“Some people say we are naive but a few years ago people said we were naive to believe there would ever be a treaty and now there is. We have to dare to dream and more than that we have to keep working on it…

“The future of our children and grandchildren depends on it, the future of humanity hangs in the balance.”

Nuclear arms race

Lawand said there are “increasing indiations we’re headed for a nuclear arms race”, something that has been spurred on by “incendiary rhetoric” by certain world leaders.

When asked about somewhat aggressive statements made in recent times by US President Donald Trump and North Korean leader Kim Jong-un about nuclear weapons, she said she “can’t comment on particular world leaders or what they’re saying”.

Trump and Kim are due to meet for a second time at a summit next month, when nuclear weapons will be on the agenda. 

nk A man watches a TV screen showing images of US President Donald Trump and North Korean leader Kim Jong-un at Seoul Railway Station this month. Source: Ahn Young-joon/AP/Press Association Images

However, she noted that “signalling is extremely important” when it comes to international relations and security. She said if such signalling “can be perceived or interpreted as a threat” states become “much more alert to possible threats to their security and therefore more trigger happy”.

“In terms of the more aggressive posturing and signalling and amendments to existing military policy or statements by certain leaders, indeed the first countries that come to mind are the US and Russia, but they are far from being the only ones,” she said.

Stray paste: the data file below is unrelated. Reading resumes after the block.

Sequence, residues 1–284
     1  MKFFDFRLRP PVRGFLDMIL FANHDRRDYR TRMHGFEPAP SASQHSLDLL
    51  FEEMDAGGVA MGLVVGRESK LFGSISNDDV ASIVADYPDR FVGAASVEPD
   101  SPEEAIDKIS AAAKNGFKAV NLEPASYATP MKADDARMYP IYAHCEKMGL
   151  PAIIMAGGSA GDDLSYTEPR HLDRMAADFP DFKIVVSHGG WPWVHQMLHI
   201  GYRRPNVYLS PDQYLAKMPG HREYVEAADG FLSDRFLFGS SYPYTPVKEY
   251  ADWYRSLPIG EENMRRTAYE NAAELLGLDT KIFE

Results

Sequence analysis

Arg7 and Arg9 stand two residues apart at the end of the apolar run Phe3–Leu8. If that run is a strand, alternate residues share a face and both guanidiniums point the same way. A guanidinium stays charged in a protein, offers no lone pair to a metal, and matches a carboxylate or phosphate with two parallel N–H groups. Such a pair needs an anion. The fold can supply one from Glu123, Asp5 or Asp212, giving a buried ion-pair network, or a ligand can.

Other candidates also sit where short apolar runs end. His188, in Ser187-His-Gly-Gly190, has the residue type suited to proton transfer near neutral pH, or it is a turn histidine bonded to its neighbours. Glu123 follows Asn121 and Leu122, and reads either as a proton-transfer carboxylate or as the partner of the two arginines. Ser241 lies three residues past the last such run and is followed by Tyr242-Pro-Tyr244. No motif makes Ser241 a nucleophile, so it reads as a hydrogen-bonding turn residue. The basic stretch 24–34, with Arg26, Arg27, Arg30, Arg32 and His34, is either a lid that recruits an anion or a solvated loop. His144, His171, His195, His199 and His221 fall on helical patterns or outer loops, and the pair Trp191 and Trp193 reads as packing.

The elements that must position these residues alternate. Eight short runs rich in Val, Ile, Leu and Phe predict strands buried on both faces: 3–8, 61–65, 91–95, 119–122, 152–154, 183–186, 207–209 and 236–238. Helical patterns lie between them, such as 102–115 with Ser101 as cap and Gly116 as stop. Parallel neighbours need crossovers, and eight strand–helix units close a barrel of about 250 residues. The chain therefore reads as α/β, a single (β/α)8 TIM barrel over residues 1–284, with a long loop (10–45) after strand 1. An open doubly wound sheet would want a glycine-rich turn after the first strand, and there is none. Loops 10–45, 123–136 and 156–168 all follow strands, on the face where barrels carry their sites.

Lawand said it is of great concern that states with nuclear weapons are “modernising their arsenals and lowering the threshold for their use” as this is “creating greater insecurity for the world”.

She said the fact the International Campaign to Abolish Nuclear Weapons (ICAN) won the Nobel Peace Prize in 2017 is “very positive” and indicates a global desire to ban such weapons.

Hiroshima and Nagasaki

The atomic bombings of Hiroshima and Nagasaki in Japan in August 1945 showed both the immediate and long-term catastrophic consequences that nuclear weapons can have on humanity, society and the environment.

Lawand noted that doctors from the ICRC were among the first medics to respond to the aftermath of the bombs, providing “relief to the dying and wounded” in “absolutely impossible conditions”.

More than 200,000 people were killed in the attacks and countless more were injured, some horrifically.

download (3) Destruction in Hiroshima after the atomic bomb was dropped. Source: Keystone Press Agency/Zuma Press/PA Images

Lawand said in the seven decades since the attacks, doctors have been treating people who were exposed to radiation, noting: “Those who didn’t die from radiation poisoning at the time or in the years after, suffered all their lives with cancer and other conditions.”

Lawand said studies by the ICRC and others have shown that the world does not “have the capacity to deal with” another nuclear attack.

“The magnitude of the needs and the suffering – no first responders, non-government or government, would be able to respond to it. The only answer then is prevention.”

Lawand said making progress in terms of banning nuclear weapons would be a fitting tribute to the victims as we approach the 75th anniversary of the attacks in Japan. She said it’s “high time” world leaders “step back from the brink and work together to reduce nuclear risks”.

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Órla Ryan